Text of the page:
NYC Gifted and Talented Program and Testing


What’s the Stanford-Binet Vocabulary test?

Many NYC parents confused about the vocabulary section of the Stanford-Binet

For vocabulary items on the Stanford-Binet test, children are first asked to say the names of pictures they are shown. These are the types of questions asked of a child when applying for Hunter College Elementary Gifted Program in NYC.  In these vocabulary questions the pictures are of items that would be familiar to a child of the age being tested.  Then, children are asked to define words that children that the psychologist reads aloud.  These are words that young children should know by the time they are tested. Keep in mind, this test is only given in English.  The test proctor starts with simple words like “banana,” “toy,” “dog”) and become increasingly more difficult and abstract with words like “fear”, “calm”. If your child misses five questions in a row, the tester moves on to the next subtest. Otherwise, your child will continually be asked questions with more and more difficulty.

Younger children are asked to name a picture they are shown.  You can see an example of this on the right side of the page.  “What is this?”  “A bicycle” or “bike” would be the right answer.

Stanford-Binet practice question: Parent ask, “What is this?”

Children are then asked to define words.  “Tell me in words, what does ‘antique’ mean?”  Your child will be given additional credit if he or she gives a more elaborate and sophisticated response.  For example, if your daughter answers this question with “old,” she might get 1 point.  If she answers it with, “Antique is a very old piece of furniture, like those from the colonial era,” she would get 2 points.  If your son gives a limited response to this type of question, the psychologist will encourage him to say more.  You should do the same while practicing for the Stanford-Binet test and every day conversation.  “What other items are antiques?”  “Have you ever seen an antique? Tell me about it?”



Hunter College Elementary School Gifted and Talented Program

Hunter College Elementary School Gifted and Talented Program

Here’s an overview of the ultra competitive Hunter College Elementary School program located on the Upper East Side. Children applying to kindergarten take a modified version of the Stanford-Binet® V test from September through November (the year before they start kindergarten).  Over the past few years the qualifying score for 2nd round at Hunter ranged from 143 through 149 s – students who qualify go on to round 2, where more testing will be done.  Percentile rankings will show a child’s standing in comparison to students his own age, not grade level.

 

Criteria for admissions for Hunter College Elementary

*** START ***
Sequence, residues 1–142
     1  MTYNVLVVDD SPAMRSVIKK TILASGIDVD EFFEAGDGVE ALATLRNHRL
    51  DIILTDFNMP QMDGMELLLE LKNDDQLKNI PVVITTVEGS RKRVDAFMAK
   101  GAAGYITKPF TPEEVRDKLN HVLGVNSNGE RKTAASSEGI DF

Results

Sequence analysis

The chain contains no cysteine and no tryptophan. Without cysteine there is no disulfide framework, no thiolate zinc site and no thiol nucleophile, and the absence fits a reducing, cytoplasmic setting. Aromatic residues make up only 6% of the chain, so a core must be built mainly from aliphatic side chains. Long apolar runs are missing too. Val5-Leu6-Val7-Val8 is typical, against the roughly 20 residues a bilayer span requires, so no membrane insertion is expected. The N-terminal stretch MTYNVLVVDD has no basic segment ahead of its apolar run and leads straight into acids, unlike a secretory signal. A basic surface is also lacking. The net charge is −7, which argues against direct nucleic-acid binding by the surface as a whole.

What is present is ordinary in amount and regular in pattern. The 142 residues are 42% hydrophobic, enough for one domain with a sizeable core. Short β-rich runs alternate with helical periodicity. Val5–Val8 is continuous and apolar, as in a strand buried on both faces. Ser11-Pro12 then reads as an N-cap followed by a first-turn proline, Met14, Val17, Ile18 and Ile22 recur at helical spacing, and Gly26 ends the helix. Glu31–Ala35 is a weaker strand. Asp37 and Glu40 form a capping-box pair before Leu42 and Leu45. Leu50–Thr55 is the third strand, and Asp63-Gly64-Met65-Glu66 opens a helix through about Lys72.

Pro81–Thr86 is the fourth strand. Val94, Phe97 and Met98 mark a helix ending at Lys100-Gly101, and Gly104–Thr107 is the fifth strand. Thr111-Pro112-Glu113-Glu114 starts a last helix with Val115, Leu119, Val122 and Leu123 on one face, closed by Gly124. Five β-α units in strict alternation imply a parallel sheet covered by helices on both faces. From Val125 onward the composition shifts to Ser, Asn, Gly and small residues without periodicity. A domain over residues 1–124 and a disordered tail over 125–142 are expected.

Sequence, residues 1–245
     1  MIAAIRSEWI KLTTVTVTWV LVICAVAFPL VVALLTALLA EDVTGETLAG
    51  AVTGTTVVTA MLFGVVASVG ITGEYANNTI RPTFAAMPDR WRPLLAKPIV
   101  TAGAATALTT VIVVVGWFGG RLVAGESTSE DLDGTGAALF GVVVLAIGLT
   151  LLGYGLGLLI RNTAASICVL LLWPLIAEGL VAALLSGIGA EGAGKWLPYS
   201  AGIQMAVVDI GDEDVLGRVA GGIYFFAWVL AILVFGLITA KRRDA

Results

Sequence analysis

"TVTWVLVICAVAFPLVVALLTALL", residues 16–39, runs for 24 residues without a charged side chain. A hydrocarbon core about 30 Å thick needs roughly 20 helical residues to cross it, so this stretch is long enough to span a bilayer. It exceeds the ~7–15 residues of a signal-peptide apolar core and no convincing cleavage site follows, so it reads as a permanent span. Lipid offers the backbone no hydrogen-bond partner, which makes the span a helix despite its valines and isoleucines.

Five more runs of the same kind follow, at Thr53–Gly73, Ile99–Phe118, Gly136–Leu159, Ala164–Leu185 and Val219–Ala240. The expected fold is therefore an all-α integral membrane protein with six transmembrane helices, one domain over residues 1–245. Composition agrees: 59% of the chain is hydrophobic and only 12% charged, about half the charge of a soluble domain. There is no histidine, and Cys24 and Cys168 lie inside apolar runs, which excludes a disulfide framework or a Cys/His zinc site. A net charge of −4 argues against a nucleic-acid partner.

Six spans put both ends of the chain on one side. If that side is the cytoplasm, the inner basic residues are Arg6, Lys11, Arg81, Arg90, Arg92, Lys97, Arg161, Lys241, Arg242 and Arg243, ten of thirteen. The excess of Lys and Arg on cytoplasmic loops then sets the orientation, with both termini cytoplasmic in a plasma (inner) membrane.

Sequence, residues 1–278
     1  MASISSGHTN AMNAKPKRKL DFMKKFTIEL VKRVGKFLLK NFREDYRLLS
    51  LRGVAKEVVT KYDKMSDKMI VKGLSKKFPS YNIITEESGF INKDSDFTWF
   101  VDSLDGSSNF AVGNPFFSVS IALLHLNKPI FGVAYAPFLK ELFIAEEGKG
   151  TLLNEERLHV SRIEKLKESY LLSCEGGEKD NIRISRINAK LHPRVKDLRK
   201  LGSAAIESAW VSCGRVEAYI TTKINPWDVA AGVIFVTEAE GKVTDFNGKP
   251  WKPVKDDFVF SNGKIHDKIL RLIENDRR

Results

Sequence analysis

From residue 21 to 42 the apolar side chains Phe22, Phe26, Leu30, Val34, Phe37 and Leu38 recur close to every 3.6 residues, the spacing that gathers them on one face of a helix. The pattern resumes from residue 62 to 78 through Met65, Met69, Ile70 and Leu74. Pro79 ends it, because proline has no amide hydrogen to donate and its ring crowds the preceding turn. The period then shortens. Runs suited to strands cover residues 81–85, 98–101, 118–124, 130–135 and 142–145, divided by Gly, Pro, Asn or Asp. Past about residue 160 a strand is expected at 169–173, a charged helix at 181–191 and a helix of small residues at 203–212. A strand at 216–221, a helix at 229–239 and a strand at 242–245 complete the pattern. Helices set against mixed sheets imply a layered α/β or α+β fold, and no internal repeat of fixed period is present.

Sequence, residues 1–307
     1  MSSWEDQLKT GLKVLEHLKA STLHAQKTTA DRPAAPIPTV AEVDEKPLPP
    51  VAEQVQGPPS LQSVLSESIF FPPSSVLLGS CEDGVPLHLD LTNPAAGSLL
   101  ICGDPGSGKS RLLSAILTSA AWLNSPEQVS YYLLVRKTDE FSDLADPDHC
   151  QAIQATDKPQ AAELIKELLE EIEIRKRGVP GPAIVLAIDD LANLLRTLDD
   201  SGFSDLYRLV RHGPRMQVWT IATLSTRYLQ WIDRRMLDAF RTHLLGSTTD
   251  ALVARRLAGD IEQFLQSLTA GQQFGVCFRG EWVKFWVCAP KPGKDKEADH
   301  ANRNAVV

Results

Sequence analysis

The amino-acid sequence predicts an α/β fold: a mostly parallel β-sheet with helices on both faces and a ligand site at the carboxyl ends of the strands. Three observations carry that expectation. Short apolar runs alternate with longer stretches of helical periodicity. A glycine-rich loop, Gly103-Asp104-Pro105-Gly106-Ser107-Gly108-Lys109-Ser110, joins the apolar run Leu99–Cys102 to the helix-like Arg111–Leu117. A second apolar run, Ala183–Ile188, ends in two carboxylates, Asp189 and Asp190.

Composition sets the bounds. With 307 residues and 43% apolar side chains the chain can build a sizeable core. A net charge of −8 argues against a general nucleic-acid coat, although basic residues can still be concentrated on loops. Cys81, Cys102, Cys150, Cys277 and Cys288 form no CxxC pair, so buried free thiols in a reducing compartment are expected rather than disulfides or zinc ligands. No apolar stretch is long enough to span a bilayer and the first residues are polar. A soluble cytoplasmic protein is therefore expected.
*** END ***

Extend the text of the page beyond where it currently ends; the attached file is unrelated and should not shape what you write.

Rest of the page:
• Manhattan residents only! 25 boys and 25 girls for admitted for K
  • Once you apply, you get a Hunter ID # and 3 weeks to schedule and complete testing – $350 for test; $70 application fee,
  • You’ll get a choice of 5 testers and you can only contact 1 for an appointment.

 

Most people have heard about IQ scores — 146 to 159 is “highly gifted,” 131 to 145 is considered “moderately gifted,” 116 to 130 is “high average,” and 85 – 115 is considered “average.” For many children, the difference between being labeled highly gifted or gifted can come down to a single point, and that one point may impact their ability to get into fantastic Gifted and Talented programs that will provide tremendous educational benefits.  For example, last year, children needed to score at least 148 to be invited to the second round of testing for admission to Hunter College Elementary, one of the top gifted programs in the country that is located in New York City. .

Because an IQ test is so different from a skills or achievement test, it is harder to study for. Additionally, since it is given to children so young, there is a chance that a child might get scared or nervous, and make mistakes that could cost him many points. Most children taking the Stanford-Binet test at age-4 have never taken a test before in their lives.  They may not know how to sit still for a long period of time, listen carefully to what is being asked of them, how to think through a question and look at all the answer choices before jumping in and responding.  This is a brand new skill set for little (and even many older!) children.  Developing these test-taking abilities is as challenging to young children as knowing the answers to the questions they are being asked.

The Stanford-Binet® test is a particularly hard test because it includes so many different subtests.  While many tests group the same types of questions together, which allows children to become more comfortable with the material, a psychologist administering the Stanford-Binet test will skip around and mix different types of questions together.  This can be confusing for some children.  For these reasons, we believe it is critical that (at the minimum) you give your child exposure to the types of questions that he or she will encounter on the test.